Later On

A blog written for those whose interests more or less match mine.

It’s not just Obama: Atlanta police also ignorant of the law

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DHS could also stand to study up on the 4th Amendment, given their proclivity to take people’s cellphones and computers and not give them back—in some cases, they do return them, presumably after copying the contents. But the Atlanta police department seems willfully ignorant—also dishonest, bigoted, and stupid. The story:

Some Atlanta police officers and ranking members of the force seem to be unfamiliar with law and constitutional protections that limit what they can do during a raid, according to a Citizen Review Board report released Friday.

The CRB director reviewed interviews and records the board collected during the investigation of 12 complaints filed by patrons and employees of the Atlanta Eagle after APD vice officers and members of the Red Dog unit raided it in September 2009.

The report questioned claims by officers that they remembered little from that night and said some of the tactics the officers used violated state law and the U.S. Constitution.

The board, created in 2007 after the fatal shooting of an Atlanta woman in her home during a botched drug raid, recommended in a letter to APD Chief George Turner that officers be given more training, especially in the area of Fourth Amendment protections from unreasonable searches.

“They genuinely believed that it was proper to place all of the patrons on the floor and frisk them because of officer safety considerations,” director Cristina Beamud wrote in the report to the board. “This is simply not the law… Officers need reminders about the limits of their authority.”

APD declined to comment on the report because the internal investigation is “still ongoing. The Atlanta Police Department continues to be guided by a court-ordered settlement in the case, and we will abide by its requirements in the 180-day timeline [to complete the internal investigation that is] set forth within it. Further comment would be inappropriate.”

The raid of the Midtown Atlanta gay bar has dogged the department for 17 months  as the Citizen Review Board investigated claims and patrons pursued a federal lawsuit.

Dozens of police officers from APD’s vice and Red Dog drug units swarmed into the Ponce de Leon nightclub on Sept. 10, 2009, based on undercover officers reports that they had witnessed  men having sex while other patrons watched.

During the raid, 62 patrons were forced to lie down on the bar’s floor. No search warrant was served, and no charges were ever filed against any of them. Police did arrest eight Eagle employees on permit violations but those charges were either dismissed or dropped.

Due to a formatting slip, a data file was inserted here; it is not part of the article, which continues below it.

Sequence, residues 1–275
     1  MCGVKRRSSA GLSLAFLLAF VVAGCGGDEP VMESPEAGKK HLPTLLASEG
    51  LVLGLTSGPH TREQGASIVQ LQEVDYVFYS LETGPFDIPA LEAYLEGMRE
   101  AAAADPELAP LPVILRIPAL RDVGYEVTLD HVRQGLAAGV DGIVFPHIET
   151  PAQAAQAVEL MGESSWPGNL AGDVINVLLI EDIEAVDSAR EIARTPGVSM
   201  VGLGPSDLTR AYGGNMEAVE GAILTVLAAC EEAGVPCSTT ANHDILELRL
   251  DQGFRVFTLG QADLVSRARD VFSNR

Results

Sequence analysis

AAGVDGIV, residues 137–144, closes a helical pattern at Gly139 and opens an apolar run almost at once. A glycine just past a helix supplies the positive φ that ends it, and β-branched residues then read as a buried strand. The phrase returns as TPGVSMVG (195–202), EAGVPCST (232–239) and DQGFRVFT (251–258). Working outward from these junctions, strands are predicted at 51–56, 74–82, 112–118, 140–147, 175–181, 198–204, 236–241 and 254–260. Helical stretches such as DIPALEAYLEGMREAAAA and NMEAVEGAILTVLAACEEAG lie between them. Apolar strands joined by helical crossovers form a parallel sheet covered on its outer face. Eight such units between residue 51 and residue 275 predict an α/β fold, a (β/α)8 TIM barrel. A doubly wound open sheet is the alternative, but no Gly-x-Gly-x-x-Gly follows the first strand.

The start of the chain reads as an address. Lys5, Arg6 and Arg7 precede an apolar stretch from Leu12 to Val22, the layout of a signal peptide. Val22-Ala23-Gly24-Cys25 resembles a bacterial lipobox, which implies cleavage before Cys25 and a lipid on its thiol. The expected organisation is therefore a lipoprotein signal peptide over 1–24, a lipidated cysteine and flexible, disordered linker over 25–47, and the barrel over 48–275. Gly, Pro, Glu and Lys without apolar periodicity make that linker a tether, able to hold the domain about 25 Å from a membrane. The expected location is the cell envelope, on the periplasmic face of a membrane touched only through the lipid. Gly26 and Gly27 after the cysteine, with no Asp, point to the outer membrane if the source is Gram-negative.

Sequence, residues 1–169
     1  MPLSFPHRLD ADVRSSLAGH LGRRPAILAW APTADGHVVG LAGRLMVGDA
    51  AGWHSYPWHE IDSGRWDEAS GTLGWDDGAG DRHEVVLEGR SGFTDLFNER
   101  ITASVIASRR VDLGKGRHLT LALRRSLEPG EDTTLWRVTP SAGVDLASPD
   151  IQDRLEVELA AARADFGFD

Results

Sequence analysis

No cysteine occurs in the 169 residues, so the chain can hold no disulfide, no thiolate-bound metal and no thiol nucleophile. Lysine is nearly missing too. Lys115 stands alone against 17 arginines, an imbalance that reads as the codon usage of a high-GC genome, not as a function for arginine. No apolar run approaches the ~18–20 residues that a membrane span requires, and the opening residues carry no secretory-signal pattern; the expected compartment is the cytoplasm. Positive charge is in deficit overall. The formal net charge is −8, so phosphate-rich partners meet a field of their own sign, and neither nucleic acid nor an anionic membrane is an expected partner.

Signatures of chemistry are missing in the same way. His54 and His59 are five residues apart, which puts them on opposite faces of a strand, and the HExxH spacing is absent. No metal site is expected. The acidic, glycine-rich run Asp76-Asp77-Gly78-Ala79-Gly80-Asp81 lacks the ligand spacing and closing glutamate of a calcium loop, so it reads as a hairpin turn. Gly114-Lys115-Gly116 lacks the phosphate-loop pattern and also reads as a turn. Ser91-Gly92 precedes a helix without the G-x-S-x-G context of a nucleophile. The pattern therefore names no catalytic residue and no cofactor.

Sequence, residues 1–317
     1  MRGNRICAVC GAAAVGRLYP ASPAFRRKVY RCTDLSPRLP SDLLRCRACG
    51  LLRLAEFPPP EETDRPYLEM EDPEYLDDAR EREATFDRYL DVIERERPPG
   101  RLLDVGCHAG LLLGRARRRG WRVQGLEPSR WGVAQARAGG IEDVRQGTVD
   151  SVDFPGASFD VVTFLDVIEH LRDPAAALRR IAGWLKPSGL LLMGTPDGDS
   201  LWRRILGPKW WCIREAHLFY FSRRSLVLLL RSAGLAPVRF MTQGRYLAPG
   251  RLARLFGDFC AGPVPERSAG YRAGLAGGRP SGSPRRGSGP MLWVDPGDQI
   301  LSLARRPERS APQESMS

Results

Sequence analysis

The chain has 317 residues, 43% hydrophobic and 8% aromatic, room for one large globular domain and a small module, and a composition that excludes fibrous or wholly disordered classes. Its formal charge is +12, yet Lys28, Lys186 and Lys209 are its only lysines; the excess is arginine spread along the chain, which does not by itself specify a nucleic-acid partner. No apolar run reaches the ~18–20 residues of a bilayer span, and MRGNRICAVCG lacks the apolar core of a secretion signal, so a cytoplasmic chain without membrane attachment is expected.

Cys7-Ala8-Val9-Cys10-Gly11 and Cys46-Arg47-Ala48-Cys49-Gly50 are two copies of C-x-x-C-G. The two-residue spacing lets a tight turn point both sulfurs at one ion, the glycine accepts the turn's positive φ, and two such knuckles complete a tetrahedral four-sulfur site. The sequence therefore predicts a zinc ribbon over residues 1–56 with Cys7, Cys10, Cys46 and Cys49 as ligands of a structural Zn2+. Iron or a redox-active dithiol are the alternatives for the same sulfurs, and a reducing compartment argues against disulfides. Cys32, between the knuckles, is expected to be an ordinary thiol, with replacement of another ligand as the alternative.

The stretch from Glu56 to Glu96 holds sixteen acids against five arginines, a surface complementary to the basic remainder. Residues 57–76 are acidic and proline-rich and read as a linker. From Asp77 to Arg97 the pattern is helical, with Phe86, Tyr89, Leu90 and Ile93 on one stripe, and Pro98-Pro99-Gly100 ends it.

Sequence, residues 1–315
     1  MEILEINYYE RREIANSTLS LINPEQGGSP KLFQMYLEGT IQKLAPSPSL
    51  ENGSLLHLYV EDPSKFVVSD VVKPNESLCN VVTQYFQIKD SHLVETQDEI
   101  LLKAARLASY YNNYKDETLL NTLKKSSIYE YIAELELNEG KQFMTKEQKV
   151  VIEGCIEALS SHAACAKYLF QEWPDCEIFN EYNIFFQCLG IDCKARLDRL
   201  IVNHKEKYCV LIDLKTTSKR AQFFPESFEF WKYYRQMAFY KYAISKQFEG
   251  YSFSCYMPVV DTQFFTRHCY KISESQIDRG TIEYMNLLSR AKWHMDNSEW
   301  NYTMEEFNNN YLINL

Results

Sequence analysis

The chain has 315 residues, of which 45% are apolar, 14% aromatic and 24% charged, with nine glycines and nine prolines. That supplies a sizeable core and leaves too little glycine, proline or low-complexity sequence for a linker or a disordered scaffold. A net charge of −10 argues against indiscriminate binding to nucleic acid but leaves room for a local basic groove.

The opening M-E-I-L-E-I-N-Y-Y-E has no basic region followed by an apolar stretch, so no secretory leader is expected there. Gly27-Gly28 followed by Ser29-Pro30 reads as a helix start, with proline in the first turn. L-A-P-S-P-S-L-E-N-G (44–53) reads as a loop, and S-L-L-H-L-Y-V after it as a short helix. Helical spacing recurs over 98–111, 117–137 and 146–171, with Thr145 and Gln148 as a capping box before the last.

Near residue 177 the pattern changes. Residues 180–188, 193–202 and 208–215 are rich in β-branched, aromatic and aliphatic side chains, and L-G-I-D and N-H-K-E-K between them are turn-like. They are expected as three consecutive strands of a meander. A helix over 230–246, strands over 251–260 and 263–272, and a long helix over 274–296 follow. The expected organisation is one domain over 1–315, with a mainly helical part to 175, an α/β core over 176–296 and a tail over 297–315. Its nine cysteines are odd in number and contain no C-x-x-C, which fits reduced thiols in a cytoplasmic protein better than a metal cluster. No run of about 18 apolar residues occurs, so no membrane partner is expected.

Last month the Atlanta City Council agreed to pay $1.2 million to 19 patrons who sued APD on grounds that police offices had violated their federal and state constitutional rights. The patrons said the officers directed obscenities, slurs about their sexuality and threats at the men lying on the floor of the bar.

Initially when the board tried to investigate claims, officers refused to answer questions. Eventually, they agreed to be interviewed but some insisted they remembered little from that night.

“The denials from both the officers and supervisors are not credible,” the report said. “All of the complainants heard at least the use of the ‘f’ word. Not all heard the slurs but all heard the patrons being ordered to the floor. The failure of the supervisors to acknowledge this violation reflects on their overall honesty and taints their credibility.”

Last fall, before the lawsuit was resolved, an attorney filed documents in court that said officers and police officials erased e-mails, text messages and photographs that may offer details of the raid.

Vice unit Sgt. Kelley Collier, who was involved in the undercover investigations before the raid was planned, received a significant amount of criticism for his lack of memory, according to the report and letter to the chief.

“During the interview [the board] conducted with Sgt. Collier, it became clear that he could not remember important details concerning what occurred on the night of the raid,” Chairwoman Joy Morrissey wrote in a letter to the chief.

According to the report, he told the board he did not hear any officers use profanity during the raid and he did not see “ any officers place a foot on a person who was lying on the floor. He lacks memory about many activities, including the briefing on that night.”

According to the report, Collier didn’t recall when his shift started that night and “he could not remember exactly what he saw …. He was assigned to observe the bar. He then said that there were two, three or four bartenders working.” . . .

Continue reading. It sounds as though Officer Collier is either lying through his teeth and should be expelled from the department (and prosecuted), or that he is mentally incapable of fulfilling the requirements of the job.

Written by LeisureGuy

11 February 2011 at 2:32 pm

Posted in Government, Law

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